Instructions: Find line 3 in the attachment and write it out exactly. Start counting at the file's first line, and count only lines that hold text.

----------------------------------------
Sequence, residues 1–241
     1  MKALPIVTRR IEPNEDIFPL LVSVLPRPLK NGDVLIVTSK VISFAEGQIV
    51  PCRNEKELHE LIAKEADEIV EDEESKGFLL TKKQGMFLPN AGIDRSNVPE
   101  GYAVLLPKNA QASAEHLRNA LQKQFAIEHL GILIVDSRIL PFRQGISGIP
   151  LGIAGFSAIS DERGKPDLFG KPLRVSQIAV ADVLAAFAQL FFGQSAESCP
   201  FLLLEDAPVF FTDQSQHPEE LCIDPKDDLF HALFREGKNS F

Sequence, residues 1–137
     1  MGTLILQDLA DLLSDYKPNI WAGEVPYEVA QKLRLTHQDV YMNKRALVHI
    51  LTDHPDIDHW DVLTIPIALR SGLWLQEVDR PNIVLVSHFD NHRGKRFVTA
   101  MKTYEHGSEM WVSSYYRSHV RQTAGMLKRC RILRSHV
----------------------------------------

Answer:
    51  PCRNEKELHE LIAKEADEIV EDEESKGFLL TKKQGMFLPN AGIDRSNVPE